Today marks the end of the furlough scheme, a far-reaching initiative brought in by the government as one pillar of its economic measures to help employers and employees get through the pandemic.
At its height, the government paid 80% of the wages of people who couldn’t work, or whose employers could no longer afford to pay them, up to a monthly limit of £2,500. The government also covered the employer’s national insurance and pension contributions for a period of time.
More recently, in July 2021 employers were required to pay 10% of salaries, with the government’s contribution falling to 70%.
In August and September, the government’s contribution reduced further, and it now pays 60% and employers pay 20%.
From October 1, it stops altogether.
Almost three million people have moved off furlough since March, but in July there were an estimated 1.1 to 1.6 million still furloughed, so once the scheme ends there is likely to be a significant impact on employers’ wage bills.
The end of furlough also means a large number of people coming back into the labour market.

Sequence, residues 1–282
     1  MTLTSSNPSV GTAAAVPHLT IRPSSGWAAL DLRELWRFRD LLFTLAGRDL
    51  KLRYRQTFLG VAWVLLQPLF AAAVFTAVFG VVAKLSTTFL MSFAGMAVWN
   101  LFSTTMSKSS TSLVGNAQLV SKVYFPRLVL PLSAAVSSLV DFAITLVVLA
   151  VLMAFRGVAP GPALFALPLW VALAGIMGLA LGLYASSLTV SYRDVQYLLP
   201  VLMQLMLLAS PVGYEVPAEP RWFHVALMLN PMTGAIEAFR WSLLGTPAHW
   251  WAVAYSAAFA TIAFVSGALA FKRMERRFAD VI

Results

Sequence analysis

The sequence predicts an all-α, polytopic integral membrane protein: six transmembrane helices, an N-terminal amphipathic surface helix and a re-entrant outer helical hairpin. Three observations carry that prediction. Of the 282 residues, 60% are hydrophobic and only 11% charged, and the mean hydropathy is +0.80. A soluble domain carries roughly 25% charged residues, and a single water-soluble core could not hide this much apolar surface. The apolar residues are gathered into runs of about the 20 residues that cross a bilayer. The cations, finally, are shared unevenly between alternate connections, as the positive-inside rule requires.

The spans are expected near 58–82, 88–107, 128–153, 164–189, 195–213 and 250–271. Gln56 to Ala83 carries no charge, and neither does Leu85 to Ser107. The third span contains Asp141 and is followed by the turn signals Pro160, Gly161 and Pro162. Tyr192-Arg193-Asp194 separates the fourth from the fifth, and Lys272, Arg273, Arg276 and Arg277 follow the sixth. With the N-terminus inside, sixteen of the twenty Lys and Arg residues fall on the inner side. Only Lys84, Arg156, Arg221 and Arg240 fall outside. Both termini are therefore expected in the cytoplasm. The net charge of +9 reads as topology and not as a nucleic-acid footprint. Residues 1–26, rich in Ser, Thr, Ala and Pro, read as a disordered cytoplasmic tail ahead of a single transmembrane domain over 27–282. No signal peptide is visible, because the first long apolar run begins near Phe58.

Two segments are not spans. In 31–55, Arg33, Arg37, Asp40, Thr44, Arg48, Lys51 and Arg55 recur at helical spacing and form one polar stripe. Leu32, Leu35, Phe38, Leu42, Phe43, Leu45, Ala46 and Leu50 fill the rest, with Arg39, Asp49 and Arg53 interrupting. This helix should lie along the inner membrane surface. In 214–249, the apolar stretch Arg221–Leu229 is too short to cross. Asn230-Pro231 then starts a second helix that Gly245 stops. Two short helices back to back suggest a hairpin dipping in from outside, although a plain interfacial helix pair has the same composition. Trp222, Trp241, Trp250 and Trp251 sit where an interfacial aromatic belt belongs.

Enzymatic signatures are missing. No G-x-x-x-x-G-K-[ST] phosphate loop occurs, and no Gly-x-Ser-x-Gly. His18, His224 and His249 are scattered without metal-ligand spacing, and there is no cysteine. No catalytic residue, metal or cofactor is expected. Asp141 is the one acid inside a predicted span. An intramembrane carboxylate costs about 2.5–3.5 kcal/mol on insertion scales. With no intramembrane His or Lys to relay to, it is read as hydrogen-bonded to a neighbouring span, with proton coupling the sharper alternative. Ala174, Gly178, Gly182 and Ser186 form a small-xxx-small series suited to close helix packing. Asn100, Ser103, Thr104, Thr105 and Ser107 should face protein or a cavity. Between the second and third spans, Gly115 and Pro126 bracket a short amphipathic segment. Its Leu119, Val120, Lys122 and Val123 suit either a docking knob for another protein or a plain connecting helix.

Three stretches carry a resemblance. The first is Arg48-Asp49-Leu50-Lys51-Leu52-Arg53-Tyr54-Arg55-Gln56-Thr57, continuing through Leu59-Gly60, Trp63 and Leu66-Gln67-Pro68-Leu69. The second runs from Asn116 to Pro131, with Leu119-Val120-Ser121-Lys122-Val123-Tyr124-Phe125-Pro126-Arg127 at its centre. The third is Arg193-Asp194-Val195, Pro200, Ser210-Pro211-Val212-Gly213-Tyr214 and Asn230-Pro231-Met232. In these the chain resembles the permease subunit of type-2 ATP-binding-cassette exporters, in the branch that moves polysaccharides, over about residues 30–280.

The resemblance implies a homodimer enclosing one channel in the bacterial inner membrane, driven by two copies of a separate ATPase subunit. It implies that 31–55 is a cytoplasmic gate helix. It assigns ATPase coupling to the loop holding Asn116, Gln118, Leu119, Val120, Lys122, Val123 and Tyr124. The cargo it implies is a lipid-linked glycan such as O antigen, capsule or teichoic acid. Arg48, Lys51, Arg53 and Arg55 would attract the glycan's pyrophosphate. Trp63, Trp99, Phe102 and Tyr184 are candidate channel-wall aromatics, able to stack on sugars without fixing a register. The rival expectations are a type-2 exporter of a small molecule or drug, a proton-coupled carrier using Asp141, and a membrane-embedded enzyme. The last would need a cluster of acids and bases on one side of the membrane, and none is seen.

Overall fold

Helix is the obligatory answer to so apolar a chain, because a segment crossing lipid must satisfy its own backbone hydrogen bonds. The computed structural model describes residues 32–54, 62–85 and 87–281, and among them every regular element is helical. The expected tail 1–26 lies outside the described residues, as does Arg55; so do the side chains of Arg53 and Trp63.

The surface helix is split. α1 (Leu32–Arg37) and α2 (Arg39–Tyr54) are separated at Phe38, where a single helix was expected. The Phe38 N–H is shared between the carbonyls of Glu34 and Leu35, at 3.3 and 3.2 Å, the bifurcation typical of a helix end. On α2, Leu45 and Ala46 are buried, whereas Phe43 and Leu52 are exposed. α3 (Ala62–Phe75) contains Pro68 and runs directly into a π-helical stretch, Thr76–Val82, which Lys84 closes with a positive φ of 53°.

On the one hand, this is at a time when there are record numbers of vacancies. According to the Office for National Statistics, there were an estimated 1,034,000 vacancies between June and August this year.
On the other, the vacancies are not spread evenly across the economy. Some sectors – such as hospitality, construction, or lorry driving – are suffering from labour shortages. Other sectors are well staffed. It is no means a certainty, therefore, that those coming off furlough, who may be facing redundancy, will easily walk into a new job.
The end of the furlough scheme could be a timebomb for unemployment, but only time will tell.
While furlough created certainty for employees knowing their income was protected, for employers the story was a little different. A number of employers found some of employees were reluctant to move jobs, through fear that, if the pandemic worsened, they would not fall under the furlough rules and could risk being out of a job. So, it is hopeful that the end of furlough will bring a more fluid market for employees.
October 1 will be the first day since the pandemic started for businesses to survive on their own without any further government funding. Swindon’s commercial market appears buoyant and hopefully this will continue to grow, as the pandemic recedes.
If you would like a review of your business, to assess how it could perform over the next 12 months, with no more government support, then please get in touch with the Optimum team.